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Remember the “sexual assault day” post on Yik Yak? Here’s what we know | News

Earlier this month, KU Public Security Bureau tweeted in response to a “sexual assault day” post circulating on social media, saying he would increase patrols in response. Deputy public safety chief James Druen told the Kansan that a concerned community member called the office and reported the post, discovered on Yik Yak, which has since been deleted.

According to two screenshots independently shown to Kansan by students, an anonymous user on Yik Yak declared February 3 “Sexual Assault Day” and encouraged people to play a “game” that awarded points based on the number and place of sexual assaults. engaged.

Druen said officers neither observed nor received any reports of activity related to the post.

“We have never had this type of assignment at the University of Kansas, as far as we know,” Druen said in his email. “We found similar things that had been posted in other communities at various times in the past, but we have no evidence of a direct connection between them and the Yik Yak post.”

Hunter Schram, a freshman from Topeka, and Jamie Conejo, a freshman from Kansas City, Kansas, both learned of the post through a “University of Kansas Class of 2026” group Snapchat. Schram showed a screenshot he took when the post was spread across the group.

“It probably got downgraded really fast,” Schram said. “I think most people found out through KU Snapchat. Having the police contacted and responding to the post made me feel safer.”

Conejo learned of the post through Yik Yak screenshots of people reacting to the deleted message, advising his friends to stay home.

Public security officer Jack Campbell told Kansan that police have no other information to share about the poster’s identity.

“Posts like this have a very real impact on people,” Campbell said. “The KU Police Department and the University of Kansas take them very seriously.”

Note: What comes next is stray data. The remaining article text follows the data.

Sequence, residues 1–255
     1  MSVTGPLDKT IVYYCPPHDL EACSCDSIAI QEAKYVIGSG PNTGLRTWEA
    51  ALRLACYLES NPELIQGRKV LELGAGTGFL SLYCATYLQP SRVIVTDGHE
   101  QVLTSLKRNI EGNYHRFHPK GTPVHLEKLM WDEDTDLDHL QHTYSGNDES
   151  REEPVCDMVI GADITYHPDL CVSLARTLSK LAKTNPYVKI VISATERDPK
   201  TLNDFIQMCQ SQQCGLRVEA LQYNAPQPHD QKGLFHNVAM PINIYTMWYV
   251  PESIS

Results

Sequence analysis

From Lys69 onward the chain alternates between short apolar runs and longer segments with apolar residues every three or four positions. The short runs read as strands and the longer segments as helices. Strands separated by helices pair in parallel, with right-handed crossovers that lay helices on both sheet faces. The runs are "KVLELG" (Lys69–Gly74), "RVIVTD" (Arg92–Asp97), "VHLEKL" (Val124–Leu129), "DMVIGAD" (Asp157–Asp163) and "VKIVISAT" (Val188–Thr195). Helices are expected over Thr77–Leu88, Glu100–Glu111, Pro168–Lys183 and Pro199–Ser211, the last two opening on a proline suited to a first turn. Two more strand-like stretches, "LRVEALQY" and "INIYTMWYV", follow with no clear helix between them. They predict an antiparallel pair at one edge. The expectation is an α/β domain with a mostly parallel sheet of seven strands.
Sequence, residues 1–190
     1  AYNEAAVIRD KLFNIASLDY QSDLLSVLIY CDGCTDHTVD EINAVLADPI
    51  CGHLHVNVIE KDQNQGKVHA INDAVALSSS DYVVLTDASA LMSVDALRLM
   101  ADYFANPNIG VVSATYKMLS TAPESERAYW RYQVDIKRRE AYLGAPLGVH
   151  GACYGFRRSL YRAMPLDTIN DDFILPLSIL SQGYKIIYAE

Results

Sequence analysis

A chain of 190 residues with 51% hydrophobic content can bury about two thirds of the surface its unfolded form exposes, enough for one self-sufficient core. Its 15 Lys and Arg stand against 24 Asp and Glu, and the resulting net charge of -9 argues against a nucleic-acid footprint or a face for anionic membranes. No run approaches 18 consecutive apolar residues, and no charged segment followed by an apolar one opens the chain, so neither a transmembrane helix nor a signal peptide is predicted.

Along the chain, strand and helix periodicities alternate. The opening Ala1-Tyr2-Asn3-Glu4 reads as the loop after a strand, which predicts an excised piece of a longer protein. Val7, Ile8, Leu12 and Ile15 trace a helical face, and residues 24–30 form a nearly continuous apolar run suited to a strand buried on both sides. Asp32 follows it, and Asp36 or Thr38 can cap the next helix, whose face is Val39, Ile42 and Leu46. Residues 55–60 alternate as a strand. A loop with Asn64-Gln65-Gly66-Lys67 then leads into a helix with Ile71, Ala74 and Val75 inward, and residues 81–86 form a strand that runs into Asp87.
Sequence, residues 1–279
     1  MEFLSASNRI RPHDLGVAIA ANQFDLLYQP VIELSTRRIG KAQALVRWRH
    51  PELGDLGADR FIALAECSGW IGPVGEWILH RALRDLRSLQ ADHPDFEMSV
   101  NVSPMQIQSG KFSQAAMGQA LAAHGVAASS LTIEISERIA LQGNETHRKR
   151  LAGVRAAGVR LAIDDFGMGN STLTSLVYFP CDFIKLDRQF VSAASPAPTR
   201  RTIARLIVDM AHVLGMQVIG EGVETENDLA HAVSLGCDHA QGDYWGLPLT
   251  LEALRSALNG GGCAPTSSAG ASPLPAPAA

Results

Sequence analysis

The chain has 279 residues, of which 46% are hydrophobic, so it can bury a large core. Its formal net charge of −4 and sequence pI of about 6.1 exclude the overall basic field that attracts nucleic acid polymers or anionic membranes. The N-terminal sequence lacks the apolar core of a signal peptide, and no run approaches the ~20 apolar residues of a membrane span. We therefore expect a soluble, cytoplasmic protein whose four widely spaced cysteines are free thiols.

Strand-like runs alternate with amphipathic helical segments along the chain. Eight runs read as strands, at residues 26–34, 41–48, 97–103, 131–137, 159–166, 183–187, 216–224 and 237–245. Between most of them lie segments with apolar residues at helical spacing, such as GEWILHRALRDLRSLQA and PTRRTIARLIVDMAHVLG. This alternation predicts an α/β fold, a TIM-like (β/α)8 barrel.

Student body president Sadie Williams had not heard of the Yik Yak incident until contacted by the Kansan.

“There is no excuse for harming or threatening to harm another student or person, whether it is through physical or emotional trauma,” Williams said. “Our campus has wonderful preventive resources and education through SAPEC, and any students who need someone to talk to confidentially should use Care Coordinator, Melissa Foree. She is also an expert in connecting people who have experienced sexual assault with any resource and support.”

If you are concerned about your or someone else’s immediate well-being, call 911.

You can call or text the toll-free 24/7 Suicide and Crisis Lifeline at 988.

You can also schedule your first appointment and follow-up appointments at KU Counseling and Psychological Services (CAPS) by calling 785-864-2277. All Kansas students can access free 24/7 mental health support through the MySSP website and app, available on Android and iOS. You can also call MySSP at 1-866-408-2828.

Lawrence Memorial Hospital’s Emergency Department provides 24/7 crisis mental health services. You can get hospice care and talk to a social worker to develop a safety plan.

Outpatient mental health care is available through the Bert Nash Community Mental Health Center. Bert Nash accepts most insurances, including Tricare. Register for online services or call 785-843-9192 anytime, 24/7.

The 24/7 National Sexual Assault Hotline operated by the National Rape, Abuse and Incest Network is -800-656-4673 and additional resources are available online.

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